Declaring Bill Cosby doesn't deserve a free pass because of his advanced age, prosecutors on Monday asked a judge to sentence the comedian to five to 10 years in prison for drugging and sexually assaulting a woman, while the defense argued that he is too old and helpless to do time behind bars.
"What does an 81-year-old man do in prison?" defense attorney Joseph Green asked on Day 1 of the sentencing hearing for Cosby, who is legally blind and dependent on others. "How does he fight off the people who are trying to extort him, or walk to the mess hall?"
Green suggested that Cosby instead receive something akin to house arrest.
By the time Sen. Dianne Feinstein huddled with the other Democrats on the Judiciary Committee in a room just off the Senate floor, the rumors were flying.
The senators already had heard talk of the mysterious letter from a woman. They knew something about a startling allegation about the Supreme Court nominee. They came into that room almost two weeks ago with one clear dilemma. "The question is, what should we do about this?" recalled Sen. Dick Durbin, D-Ill., who was at the meeting.
Even surrounded by her fellow Democrats, the veteran California senator kept a close hold on the details in that late-night session. She was in possession of a letter that accused Judge Brett Kavanaugh of a sexual assault back when he was in high school. She began to tell them about it.
Angela Weiss/Pool Photo via AP
Nelson Mandela's widow challenged world leaders celebrating his life on Monday to put their egos and partisan politics aside and honor his legacy by ending the "senseless violence" plaguing too much of the world.
"History will judge you should you stagnate too long in inaction," Graca Machel told a U.N. "peace summit" commemorating the 100th anniversary of Mandela's birth. "Humankind will hold you accountable should you allow suffering to continue on your watch."
With peace a scarce commodity, Machel's challenge was echoed by U.N. Secretary-General Antonio Guterres and other leaders who acknowledged the world is far from achieving Mandela's ideals which also include human rights and global cooperation.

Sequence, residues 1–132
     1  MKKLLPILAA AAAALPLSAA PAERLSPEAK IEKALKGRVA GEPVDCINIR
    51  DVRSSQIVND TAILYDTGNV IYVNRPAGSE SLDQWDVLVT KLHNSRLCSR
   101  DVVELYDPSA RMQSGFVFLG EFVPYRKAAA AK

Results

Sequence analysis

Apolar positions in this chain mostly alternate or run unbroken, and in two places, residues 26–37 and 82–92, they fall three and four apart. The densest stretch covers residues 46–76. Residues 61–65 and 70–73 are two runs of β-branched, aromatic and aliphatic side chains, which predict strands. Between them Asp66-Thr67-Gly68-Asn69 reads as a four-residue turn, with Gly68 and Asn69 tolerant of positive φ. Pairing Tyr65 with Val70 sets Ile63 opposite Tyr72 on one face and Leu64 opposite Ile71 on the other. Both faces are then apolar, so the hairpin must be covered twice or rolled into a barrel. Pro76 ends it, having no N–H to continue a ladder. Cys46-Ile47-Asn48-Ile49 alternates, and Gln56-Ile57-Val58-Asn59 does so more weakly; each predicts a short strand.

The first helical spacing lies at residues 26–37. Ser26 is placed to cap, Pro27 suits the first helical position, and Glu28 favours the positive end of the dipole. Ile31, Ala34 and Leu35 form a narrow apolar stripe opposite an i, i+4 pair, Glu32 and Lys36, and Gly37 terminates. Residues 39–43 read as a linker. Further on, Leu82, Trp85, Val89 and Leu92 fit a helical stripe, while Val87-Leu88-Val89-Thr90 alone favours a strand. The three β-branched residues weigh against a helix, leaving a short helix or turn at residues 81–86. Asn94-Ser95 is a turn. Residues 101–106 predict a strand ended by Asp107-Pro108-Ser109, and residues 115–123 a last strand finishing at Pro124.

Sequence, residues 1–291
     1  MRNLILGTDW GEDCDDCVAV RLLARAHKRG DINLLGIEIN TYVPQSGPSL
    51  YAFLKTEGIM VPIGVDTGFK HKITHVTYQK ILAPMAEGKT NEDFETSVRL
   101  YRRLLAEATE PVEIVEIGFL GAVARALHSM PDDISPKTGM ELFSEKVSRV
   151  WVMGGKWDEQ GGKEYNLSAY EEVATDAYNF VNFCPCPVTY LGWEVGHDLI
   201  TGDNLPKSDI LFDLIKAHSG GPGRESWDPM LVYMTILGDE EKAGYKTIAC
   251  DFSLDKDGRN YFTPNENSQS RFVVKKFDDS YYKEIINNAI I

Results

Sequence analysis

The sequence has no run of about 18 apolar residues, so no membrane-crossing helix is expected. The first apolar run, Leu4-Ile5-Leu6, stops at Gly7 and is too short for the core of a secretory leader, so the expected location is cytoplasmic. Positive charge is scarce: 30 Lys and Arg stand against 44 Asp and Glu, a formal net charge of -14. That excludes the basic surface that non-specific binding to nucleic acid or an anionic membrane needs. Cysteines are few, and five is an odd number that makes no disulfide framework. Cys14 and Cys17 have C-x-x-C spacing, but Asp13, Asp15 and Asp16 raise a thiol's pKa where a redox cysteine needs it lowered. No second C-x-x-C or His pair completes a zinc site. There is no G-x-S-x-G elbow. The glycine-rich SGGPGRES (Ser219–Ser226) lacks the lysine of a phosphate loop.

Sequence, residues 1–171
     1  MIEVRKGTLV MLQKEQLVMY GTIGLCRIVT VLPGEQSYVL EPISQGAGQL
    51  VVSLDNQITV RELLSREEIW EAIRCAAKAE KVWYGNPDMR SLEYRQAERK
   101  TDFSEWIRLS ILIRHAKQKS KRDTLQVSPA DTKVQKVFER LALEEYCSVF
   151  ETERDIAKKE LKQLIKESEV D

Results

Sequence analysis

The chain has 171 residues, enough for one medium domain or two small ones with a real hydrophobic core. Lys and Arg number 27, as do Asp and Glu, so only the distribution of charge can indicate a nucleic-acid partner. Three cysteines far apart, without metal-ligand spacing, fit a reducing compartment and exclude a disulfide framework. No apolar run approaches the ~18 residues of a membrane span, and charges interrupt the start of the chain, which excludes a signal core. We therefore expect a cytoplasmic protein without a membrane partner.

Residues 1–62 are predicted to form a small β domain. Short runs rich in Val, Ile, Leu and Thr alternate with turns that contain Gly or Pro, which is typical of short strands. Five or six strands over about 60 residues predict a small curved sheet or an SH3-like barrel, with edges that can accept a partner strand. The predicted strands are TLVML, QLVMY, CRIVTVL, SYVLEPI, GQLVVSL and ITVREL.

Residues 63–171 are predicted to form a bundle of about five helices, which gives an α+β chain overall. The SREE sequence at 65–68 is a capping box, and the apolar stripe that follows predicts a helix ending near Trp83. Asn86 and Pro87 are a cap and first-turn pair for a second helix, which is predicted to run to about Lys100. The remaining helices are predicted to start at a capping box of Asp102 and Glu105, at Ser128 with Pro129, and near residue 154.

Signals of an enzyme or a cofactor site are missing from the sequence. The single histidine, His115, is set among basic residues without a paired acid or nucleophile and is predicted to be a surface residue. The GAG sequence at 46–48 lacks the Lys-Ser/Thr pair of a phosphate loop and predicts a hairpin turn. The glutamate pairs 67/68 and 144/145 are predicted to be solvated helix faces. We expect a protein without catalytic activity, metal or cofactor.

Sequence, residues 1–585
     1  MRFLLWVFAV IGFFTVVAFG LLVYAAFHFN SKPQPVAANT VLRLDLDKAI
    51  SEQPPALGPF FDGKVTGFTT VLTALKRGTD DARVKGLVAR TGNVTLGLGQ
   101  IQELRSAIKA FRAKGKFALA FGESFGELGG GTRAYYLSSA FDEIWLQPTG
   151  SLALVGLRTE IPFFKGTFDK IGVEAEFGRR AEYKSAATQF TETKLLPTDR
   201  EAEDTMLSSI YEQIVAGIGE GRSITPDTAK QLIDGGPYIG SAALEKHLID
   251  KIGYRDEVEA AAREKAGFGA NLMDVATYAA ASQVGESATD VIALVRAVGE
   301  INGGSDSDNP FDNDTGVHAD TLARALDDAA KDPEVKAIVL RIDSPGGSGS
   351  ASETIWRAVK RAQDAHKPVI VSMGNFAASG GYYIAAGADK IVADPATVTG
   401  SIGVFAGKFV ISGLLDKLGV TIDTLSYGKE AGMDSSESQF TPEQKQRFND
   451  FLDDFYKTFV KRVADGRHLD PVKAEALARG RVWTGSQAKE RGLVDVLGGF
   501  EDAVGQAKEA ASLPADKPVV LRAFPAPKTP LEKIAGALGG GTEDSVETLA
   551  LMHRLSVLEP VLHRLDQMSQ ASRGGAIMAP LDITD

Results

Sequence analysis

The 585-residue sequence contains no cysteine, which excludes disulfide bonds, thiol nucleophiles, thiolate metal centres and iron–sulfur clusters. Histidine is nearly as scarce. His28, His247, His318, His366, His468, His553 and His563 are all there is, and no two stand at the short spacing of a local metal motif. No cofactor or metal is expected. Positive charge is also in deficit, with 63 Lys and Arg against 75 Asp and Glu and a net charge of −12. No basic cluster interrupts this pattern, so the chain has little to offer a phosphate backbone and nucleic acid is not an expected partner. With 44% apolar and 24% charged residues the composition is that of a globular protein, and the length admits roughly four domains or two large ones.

Andrew Harnik/AP, File
Brett Kavanaugh's prospects of winning confirmation to the Supreme Court are dimming as Republicans grapple with the increasingly complicated politics of supporting him, NBC News reported.
Legal analyst Andrew Napolitano said on Fox Business Monday that the nomination is "a case of lasting impressions" that doesn't rest on whether Kavanaugh can disprove the claims against him, which he denies.
Republican organizer Matt Schlapp told NBC News there will be a "meltdown" in the party if Kavanaugh isn't confirmed, and that could doom its prospects in November's midterm elections.
Many Republican senators are cautious or quiet altogether as the nomination twists in the wind.
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Federal officials have a new tool to battle the opioid crisis: data. The DEA’s “High Intensity Drug Trafficking Area” program is using a web portal called the “OD Map” to track...
The man accused of victimizing at least 10 women in six Northern California counties was in court Monday, as were two of his alleged victims.
Roy Waller, 58, shook his head as he was formally charged with the first of at least 10 rapes across Northern California. Investigators believe Waller is the notorious NorCal Rapist who victimized women from 1991 to 2006.
Nicole Earnest-Payte, believed to be his first victim, was in court Monday. She was 21 when he allegedly attacked her in her condo.
Family of Sabina Surjit Henderson
A 7-year-old girl swinging on a hammock during a family gathering in Loudoun County, Virginia, was killed after the tree the hammock was fastened to crashed down on her, officials say.
The incident took place about 6 p.m. Saturday at a home in the 37800 block of St. Francis Court in Purcellville, the Loudoun County Sheriff's Office said Monday. The girl and another child were in the hammock when the tree collapsed and fell on them.
The little girl, identified by her family as Sabina Surjit Henderson, was airlifted to Inova Fairfax Hospital, where she later died of her injuries.